Holidays and Feast Days

Canonical holidays are 'Id al-'Adha on 10 Dhu 'l-Hidjdja as well as the end of the fasting period ('Id al-fitr) beginning on 1 Shawwal and lasting three or four days. Besides these two holidays, further feast and remembrance days are observed.

During the whole month Ramadan is strict fasting is observed between sunrise and sunset. During daylight eating and drinking is prohibited. Exceptios are made, e. g. for expecting women, nursing mothers, the ill or old who would have to fast later or donate food for the poor etc. instead.

To Shiite muslims the month Muharram is a mourning period, especially 10 Muharram. This remembers the martyr death of Husain in the battle of Kerbela on 10 Muharram in the year 61 of the Hijra.
During the first years of Islam, still before the hijra, 10 Muharram was assigned to be a fasting day because Moses was said to have fasted on that day. However, after the introduction of Ramadan as a fasting month fasting on 10 Muharram was no more obligatory.

12 Rabi al-Awwal, called Mawlid, is celebrated as the prophet Muhammad's birthday and is an official holiday in many countries. The actual origin is Muhammad's death in the year 11 of the Hijra (first half of June 632 Julian). It was not until the reign of the Fatimid dynasty in the Middle Ages that it was started to be celebrated as a feast day in Egypt. Therefore in some areas 12 Rabi al-Awwal is considered a day of mourning until today.

One of the last five odd nights of Ramadan , most often that of 27 Ramadan, is Lailat al-Qadr in which the first reveal of the Qur'an is said to have taken place.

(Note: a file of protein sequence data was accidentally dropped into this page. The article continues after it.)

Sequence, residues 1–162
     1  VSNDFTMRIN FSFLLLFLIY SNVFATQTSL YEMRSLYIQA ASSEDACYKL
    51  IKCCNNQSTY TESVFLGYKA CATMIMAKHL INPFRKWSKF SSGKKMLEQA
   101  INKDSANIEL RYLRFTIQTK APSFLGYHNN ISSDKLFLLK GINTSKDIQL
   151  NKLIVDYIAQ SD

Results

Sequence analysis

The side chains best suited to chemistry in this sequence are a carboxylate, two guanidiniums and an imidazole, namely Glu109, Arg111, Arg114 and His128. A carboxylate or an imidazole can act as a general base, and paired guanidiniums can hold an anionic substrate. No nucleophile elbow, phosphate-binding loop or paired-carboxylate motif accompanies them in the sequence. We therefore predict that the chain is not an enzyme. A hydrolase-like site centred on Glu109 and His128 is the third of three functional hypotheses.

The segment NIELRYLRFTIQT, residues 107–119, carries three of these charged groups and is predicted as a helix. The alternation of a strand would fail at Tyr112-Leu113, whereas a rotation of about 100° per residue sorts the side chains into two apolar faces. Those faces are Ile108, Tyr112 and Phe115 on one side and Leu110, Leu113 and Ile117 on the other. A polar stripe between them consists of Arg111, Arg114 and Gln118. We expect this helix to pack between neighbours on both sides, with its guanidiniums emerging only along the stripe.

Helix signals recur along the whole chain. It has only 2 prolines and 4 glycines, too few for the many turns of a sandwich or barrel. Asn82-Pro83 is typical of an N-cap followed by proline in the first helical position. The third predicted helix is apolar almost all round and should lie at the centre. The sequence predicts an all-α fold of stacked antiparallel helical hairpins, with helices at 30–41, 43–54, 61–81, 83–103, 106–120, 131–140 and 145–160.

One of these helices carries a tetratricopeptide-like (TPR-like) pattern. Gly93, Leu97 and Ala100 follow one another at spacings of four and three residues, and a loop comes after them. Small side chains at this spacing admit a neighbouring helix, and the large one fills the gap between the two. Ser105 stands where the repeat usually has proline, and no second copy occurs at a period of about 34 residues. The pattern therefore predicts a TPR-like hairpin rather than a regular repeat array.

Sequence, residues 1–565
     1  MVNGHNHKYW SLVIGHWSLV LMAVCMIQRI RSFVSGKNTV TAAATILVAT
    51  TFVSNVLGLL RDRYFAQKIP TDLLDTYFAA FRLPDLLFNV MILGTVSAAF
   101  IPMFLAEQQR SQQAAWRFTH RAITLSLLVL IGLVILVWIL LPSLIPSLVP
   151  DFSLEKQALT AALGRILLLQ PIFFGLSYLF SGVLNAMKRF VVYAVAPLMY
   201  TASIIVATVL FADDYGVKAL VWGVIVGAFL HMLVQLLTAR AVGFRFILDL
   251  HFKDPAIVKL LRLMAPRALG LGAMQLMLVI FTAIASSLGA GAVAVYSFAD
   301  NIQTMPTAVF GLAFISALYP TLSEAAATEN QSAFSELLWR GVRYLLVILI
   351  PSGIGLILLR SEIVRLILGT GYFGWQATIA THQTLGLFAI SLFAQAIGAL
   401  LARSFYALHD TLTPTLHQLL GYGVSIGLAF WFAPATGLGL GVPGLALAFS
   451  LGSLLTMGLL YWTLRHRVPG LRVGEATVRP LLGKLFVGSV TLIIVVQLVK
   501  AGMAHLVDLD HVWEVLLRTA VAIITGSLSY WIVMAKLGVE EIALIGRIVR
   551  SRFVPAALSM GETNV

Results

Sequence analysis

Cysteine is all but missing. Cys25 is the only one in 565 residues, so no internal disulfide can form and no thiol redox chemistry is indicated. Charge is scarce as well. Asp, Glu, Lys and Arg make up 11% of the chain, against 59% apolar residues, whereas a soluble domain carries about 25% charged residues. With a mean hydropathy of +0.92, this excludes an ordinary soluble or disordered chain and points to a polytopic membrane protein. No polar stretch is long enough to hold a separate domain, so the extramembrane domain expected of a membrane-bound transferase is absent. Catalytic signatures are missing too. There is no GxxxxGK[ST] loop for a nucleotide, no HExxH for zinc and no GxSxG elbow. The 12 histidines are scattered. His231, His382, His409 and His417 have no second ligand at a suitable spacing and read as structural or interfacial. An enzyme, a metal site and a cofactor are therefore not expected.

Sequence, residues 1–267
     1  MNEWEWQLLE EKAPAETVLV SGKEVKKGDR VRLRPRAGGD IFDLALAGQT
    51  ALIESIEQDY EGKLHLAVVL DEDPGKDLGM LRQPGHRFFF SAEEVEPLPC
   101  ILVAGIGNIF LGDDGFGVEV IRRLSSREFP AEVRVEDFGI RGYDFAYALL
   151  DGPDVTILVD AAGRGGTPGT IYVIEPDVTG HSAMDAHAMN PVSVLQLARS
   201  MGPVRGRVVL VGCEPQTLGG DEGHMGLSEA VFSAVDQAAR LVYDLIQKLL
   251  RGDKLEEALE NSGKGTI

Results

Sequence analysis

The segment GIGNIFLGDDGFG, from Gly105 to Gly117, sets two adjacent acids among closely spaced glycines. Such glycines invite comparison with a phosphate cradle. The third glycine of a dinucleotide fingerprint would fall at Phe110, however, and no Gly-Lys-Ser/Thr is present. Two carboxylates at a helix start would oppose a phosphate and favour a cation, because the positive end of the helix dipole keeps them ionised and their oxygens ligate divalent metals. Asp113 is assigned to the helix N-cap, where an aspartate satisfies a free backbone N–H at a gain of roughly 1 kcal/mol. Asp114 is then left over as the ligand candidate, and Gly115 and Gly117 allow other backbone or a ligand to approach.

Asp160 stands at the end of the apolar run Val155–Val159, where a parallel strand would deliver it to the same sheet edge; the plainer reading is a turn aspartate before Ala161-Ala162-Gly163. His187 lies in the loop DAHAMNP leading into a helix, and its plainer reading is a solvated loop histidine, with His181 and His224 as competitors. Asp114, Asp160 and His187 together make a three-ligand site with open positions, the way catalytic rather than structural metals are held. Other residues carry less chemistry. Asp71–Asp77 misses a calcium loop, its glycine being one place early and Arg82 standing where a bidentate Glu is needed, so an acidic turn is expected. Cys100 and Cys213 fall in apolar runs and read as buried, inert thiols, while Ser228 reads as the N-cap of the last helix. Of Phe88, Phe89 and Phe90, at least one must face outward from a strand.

The full moon night of Shaban (i. e. the one of 15 Shaban) is Lailat al-Bara'at in which sins are pardoned and destiny determined. The night of 27 Radjab is celebrated as the night of the prophet's heavenly journey (Lailat al-Mi'raj).

Tax Year in the Ottoman Empire

Many difficulties arose because the calendar was completely independent from the seasons. Islamic New Year slowly moved backwards through the seasons 11 days a year, while harvest was only possible in late summer and autumn. In the Ottoman Empire, therefore, the tax year was oriented on the Julian calendar, beginning on 1 September until 1677, when the beginning of the tax year was moved to 1 March. However, the salaries were paid according to the Islamic year, which led to difficulties in bookkeeping. In addition, the different lengths of the years required the ommission of a tax year every 33 Julian years, so as to give tax year and Islamic year roughly the same number. In 1872 documents for the following tax year had been printed with the tax year number 1288 instead of the correct 1289, and subsequently the decision was made to count tax years in an unbroken sequence from then on. Since then Islamic year and tax year did not correspond anymore. In 1917 the beginning of the tax year was shifted to 1 March of the Gregorian calendar. Thus, tax year 1333 began on 1 March 1917. The last tax year following this reckoning was 1341, and on 1 January 1926 the Gregorian calendar was introduced.


In most Islamic countries the Gregorian calendar is used in everyday life. Exceptions are Iran and Afghanistan where the Persian calendar is in use.





According to limitations of fonts and browsers regarding characters it is not possible to use a scientific Arab transscription (e. g. that used in The Encyclopaedia of Islam).

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An exception are the Isma'ilites who use fixed month lengths.

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There have been different versions of the leap year pattern, too. Sometimes the 15th year was taken to be a leap year rather than the 16th., and another version had almost totally different leap years within the 30-year cycle.

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   © Holger Oertel 2000-2008; last change: 19 August 2007